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The meat was so tender I didn’t need the knife, just flaked it all off with a fork. And it had wonderful flavor helped by the winey, sweet and potent sauce. At this moment in time, I asked for a glass of wine. I wanted a red and chose a $7 Côtes du Rhône (like my fancy symbols?). The waitress said she recommended the $10 version. I said, “That’s ok, I’ll stick to the $7.” I’m not a wine maven and I felt pretty sure I wouldn’t taste the difference between the $7 and the $10. “The $10 is better,” she said. She wasn’t leaving. This was awkward. “No, thanks, just the $7 one please.” (We were actually using the names of the wines, not the prices, but that was what was implied.) She left reluctantly and I thought poorly of that experience. When the wine came, it was fine and I enjoyed it with my lamb.

Lisa had Risotto with arborio rice, truffle oil (I’m getting this from menupages.com), mushrooms, vegetables, paremsan, and aged balsamic:

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She enjoyed hers a great deal but couldn’t finish it because, as we all know, risotto is very filling. She took the rest home and I encouraged her to make arancini like I did last week.

The bill came and it wasn’t unreasonable for all the delicious food we’d eaten. Usually I like restaurants with adventurous unusual cuisine, but this was just standard French food (minus the risotto) prepared extremely well. We liked it. And next time I bully my friends into eating out, maybe we’ll go here again and sit away from the speakers, making sure to order $7 glasses of wine.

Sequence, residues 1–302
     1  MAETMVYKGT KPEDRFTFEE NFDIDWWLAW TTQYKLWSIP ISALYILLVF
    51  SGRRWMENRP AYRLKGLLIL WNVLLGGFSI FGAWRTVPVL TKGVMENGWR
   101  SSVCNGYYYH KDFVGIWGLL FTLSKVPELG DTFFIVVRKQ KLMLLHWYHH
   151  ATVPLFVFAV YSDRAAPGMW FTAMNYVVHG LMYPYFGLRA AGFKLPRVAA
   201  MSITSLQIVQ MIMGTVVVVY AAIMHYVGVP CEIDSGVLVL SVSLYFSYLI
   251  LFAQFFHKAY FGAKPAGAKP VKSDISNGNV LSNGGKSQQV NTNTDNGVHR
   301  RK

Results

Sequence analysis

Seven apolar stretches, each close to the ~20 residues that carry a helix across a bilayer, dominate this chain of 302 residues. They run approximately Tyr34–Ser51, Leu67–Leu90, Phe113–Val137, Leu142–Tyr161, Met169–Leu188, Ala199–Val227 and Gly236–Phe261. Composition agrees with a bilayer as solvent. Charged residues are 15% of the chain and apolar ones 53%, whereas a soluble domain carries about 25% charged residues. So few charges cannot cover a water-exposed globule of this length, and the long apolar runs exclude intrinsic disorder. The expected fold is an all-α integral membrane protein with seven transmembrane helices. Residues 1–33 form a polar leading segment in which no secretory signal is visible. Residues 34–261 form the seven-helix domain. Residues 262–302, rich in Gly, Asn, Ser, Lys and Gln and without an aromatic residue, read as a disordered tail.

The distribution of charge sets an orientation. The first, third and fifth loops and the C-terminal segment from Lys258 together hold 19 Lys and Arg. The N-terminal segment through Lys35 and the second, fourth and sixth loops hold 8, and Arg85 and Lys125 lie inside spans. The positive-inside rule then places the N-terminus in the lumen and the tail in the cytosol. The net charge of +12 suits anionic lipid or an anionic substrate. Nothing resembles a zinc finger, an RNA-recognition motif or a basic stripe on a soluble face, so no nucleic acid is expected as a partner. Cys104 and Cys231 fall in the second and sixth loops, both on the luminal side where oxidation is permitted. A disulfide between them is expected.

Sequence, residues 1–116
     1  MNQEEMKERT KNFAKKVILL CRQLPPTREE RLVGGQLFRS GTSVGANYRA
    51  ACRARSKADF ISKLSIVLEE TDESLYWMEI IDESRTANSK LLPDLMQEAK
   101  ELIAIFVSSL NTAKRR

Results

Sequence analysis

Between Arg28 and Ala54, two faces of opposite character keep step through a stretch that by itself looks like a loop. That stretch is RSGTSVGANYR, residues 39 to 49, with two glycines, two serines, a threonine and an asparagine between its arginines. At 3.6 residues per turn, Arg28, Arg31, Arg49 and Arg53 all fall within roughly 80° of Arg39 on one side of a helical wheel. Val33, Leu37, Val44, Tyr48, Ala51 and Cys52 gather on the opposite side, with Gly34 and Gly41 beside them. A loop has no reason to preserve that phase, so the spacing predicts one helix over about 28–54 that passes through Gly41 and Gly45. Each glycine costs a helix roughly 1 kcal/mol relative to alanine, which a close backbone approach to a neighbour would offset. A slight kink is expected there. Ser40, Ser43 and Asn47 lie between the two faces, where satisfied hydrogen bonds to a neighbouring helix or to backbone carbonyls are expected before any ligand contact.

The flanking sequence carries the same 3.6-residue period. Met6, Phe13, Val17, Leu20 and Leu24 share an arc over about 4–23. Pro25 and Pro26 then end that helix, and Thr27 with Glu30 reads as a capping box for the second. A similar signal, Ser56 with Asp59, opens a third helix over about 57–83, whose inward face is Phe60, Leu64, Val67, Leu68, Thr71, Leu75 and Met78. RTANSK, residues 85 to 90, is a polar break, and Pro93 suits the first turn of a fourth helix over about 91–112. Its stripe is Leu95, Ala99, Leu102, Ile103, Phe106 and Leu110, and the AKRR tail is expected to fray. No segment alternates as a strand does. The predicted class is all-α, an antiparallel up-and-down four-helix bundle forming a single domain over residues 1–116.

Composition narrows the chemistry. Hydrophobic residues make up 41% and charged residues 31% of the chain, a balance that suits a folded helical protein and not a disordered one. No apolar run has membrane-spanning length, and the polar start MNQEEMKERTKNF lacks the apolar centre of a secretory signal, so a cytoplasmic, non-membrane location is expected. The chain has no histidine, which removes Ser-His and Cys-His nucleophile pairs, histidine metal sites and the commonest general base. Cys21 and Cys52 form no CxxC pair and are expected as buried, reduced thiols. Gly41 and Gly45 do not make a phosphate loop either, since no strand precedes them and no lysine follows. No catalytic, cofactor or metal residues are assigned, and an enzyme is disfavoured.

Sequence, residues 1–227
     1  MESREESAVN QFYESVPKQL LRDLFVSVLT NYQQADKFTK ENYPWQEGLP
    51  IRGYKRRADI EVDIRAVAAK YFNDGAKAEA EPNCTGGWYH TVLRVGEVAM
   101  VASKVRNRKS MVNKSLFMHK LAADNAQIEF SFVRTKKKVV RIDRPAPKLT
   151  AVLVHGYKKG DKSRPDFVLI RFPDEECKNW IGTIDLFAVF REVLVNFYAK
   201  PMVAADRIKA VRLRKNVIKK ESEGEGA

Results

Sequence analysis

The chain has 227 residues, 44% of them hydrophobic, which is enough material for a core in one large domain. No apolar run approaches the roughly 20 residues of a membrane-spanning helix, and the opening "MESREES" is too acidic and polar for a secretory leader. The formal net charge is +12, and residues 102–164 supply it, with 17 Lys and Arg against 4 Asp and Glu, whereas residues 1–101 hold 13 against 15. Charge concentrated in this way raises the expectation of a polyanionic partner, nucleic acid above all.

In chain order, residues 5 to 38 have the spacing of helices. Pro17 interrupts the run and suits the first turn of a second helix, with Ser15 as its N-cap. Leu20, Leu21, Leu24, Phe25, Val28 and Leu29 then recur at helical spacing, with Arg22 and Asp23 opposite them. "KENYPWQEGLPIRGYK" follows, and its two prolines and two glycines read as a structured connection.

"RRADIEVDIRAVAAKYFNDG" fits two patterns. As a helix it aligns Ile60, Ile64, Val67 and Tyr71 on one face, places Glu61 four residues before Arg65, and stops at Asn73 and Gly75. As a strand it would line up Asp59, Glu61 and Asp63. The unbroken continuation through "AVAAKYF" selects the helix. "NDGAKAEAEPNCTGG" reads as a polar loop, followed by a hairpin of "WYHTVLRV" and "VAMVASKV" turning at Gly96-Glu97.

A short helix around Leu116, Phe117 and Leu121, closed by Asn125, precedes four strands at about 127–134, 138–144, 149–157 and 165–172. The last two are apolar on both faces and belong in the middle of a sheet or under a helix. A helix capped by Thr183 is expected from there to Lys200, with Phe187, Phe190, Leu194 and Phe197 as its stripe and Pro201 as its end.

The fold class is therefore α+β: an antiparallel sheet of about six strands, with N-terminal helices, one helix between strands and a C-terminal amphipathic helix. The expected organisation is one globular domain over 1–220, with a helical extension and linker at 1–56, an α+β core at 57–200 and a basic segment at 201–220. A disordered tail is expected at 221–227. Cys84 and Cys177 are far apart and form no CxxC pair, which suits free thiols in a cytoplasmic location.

7 comments

  1. A.O.C. is one of my “favorite” restaurant recommendations when friends and family ask me where to eat when they are visiting NYC. On a nice warm day, you need to sit out on the back patio. I love it back there because you almost forget you are in the city.

  2. The wine up-sell sounded a little passive-aggressive for my liking.

    I had to laugh at your restaurant visit influences. I have some friends now who try and wow me with great restaurants I must try with them and photograph as well!

  3. What is it with swanky places and their deafening “ambiance”?

    There’s this place in Bloomington called The Scholar’s Inn – a very nice bistro situated in an old Victorian house on a hill. They have an extensive wine list, very good food, and half-priced martinis on Thursdays.

    Given that I’m allergic to alcohol in the same way that some people are allergic to peanuts or shellfish, I just go for the socialization and the ambiance. But over the past few months, I’ve noticed that the music has become louder and louder… causing people to speak louder and louder… until we all regret not having taken ASL classes.

  4. So many up-sells with the waitress! I really hate when they try to force bottled water on you. Good for both of you for sticking with tap.

  5. OK, maybe she was a little aggressive but a good server really will tell you the truth. Next time, ask for a taste of both of the offered wines and make your decision based on that, wine man or no.

  6. yeah, but you shouldn’t have to reiterate your choice three times. plus, her tactic has the result of potentially making the customer feel like a cheap-ass, which, even if it’s true, is a feeling nobody likes. next time, order what you want. i mean, you’re eating, right? and you’re paying, right? you get the final word.